That means we can probably forget the idea of Faraday Future exploiting some new niche in the EV marketplace. No, we think the new electric SUV is gunning straight for the Tesla Model X, a vehicle that’s both bonkers-fast and also rather practical. And we think the inclusion of Bentley’s Bentayga as another rival means a more upmarket interior than the rather barebones Tesla.

However, we still don’t even know the name of the production car, nor an expected price, how long it will take to charge, or pretty much anything concrete. And although we asked for a sneak-peek before CES, it seems like everyone else we shall have to wait until January 3rd to find out the answers to those questions.

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Faraday Future gives us our first look at its electric SUV

October 28th, 2016

Richard Kim, Faraday Future global design director, left, poses for a photo with Ding Lei, co-founder, global vice chairman, managing director, SEE Pland, Letv, second left, and Nick Sampson, VP of R&D and Engineering at FFZERO1 pre-CES reveal event in Las Vegas on Monday, January 4, 2016. (Bizuayehu Tesfaye/ AP Images for Faraday Future) (credit: AP)

Back in January at CES, we got our first introduction to Faraday Future. It’s an electric vehicle manufacturer that aims to take on Tesla (as well as the rest of the auto industry) with a family of long-range EVs built on a common platform. The LA-based startup—backed by Chinese billionaire Jia Yueting—met with a slightly underwhelming response at CES when the company showed us a concept EV hypercar, but now we’ve had our first glimpse of its first consumer product, seen being tested on track.

As is usual in the case of pre-production vehicles, the EV is heavily disguised, so we can’t infer too much about the styling, but the company told Ars we can expect to see more leading up to an official reveal at CES in January 2017.

The company also joined forces with Dragon Racing in Formula E this season, and one of its drivers (Jerome D’Ambrosio) finished seventh in the opening round of the championship earlier this month. For this season, Faraday Future will help Dragon Racing with software development for the team’s race cars, but next season we expect the cars to run with Faraday Future’s motor/generator units and inverters as well. Several companies with EV R&D programs are now represented in the racing series, using it as a testbed for their technology.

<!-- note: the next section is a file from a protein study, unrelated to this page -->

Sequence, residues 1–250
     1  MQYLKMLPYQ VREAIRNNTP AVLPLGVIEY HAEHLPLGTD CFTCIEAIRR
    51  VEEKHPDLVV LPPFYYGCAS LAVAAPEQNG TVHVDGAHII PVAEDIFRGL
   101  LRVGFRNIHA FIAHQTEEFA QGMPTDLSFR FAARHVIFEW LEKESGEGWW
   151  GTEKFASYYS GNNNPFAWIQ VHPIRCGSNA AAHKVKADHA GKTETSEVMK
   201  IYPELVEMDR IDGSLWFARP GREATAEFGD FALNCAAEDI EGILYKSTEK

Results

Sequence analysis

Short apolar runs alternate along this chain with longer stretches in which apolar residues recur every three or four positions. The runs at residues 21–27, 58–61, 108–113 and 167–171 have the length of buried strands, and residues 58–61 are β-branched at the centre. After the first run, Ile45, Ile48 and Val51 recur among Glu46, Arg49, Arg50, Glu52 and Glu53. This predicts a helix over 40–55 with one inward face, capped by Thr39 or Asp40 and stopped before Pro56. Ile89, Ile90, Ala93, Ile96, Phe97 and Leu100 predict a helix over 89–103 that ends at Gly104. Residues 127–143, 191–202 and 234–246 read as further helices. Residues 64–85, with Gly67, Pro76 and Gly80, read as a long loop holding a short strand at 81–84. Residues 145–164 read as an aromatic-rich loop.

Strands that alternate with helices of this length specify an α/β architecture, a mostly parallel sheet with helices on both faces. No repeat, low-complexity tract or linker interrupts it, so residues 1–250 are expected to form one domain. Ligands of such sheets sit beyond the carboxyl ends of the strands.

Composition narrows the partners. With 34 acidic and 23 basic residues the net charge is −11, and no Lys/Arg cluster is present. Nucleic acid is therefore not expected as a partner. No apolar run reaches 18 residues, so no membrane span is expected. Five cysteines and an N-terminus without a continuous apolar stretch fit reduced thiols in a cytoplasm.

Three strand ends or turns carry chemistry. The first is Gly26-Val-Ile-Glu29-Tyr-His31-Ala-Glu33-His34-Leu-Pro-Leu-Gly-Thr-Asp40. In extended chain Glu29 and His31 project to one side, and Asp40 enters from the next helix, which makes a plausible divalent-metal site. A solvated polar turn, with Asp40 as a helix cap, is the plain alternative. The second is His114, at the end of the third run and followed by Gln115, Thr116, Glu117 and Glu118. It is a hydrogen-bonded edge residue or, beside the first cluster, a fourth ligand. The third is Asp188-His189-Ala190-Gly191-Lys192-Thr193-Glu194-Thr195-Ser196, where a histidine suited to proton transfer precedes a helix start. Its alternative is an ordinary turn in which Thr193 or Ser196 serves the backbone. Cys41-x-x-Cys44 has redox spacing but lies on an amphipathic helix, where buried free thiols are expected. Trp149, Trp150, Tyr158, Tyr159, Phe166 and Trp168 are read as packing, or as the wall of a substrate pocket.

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Electric car startup Faraday Future partners with Dragon Racing for Formula E

July 1st, 2016

Faraday Future released these images of what a Dragon Racing vehicle might possibly look like in the next series and beyond.

Friday morning, officials from electric car startup Faraday Future and American auto racing team Dragon Racing announced a technical partnership to get Dragon Racing through the next four Formula E race series. The partnership begins with Formula E’s third series, which starts October 9, 2016.

In a press conference in London just before Formula E’s ePrix competition, Dragon Racing Team Owner and Team Principal Jay Penske said his team was looking forward to taking advantage of Faraday Future’s intellectual property. Penske cited the startup’s Los Angeles-based team of more than 1,000 people and its portfolio of more than 320 patents.

Faraday Future has attracted some attention as a potential competitor to Tesla as a from-scratch luxury electric vehicle designer. The company revealed a concept car at Las Vegas’ Consumer Electronics Show this year, but since then it has provided scant news of what an actual production vehicle would look like. The lack of reveals has drawn criticism regarding whether Faraday can actually compete against companies like Tesla, GM, and Nissan that have already been producing road-ready electric vehicles for years.

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Ars talks car design with Faraday Future at CES

January 7th, 2016

(video link)

LAS VEGAS—On the Monday night before CES kicked off properly, several hundred journalists and VIPs assembled under a purple-lit tent in a vacant lot to witness the reveal of a new electric vehicle from a startup called Faraday Future. The company, flush with cash thanks to the owner of LeTV (think Chinese Netflix) had touted the event for some time, promising to show us what it called a “Tesla-killer.”

As it turned out, the car underneath the sheet wasn’t actually a Model S rival, nor will it be going into production. Rather, we saw a race-inspired concept called the FF Zero 1, a 1000-hp electric vehicle that the company chose to show instead. As you can see in the video above, the following day we sat down with Richard Kim, Faraday Future’s head of design, to talk about the car.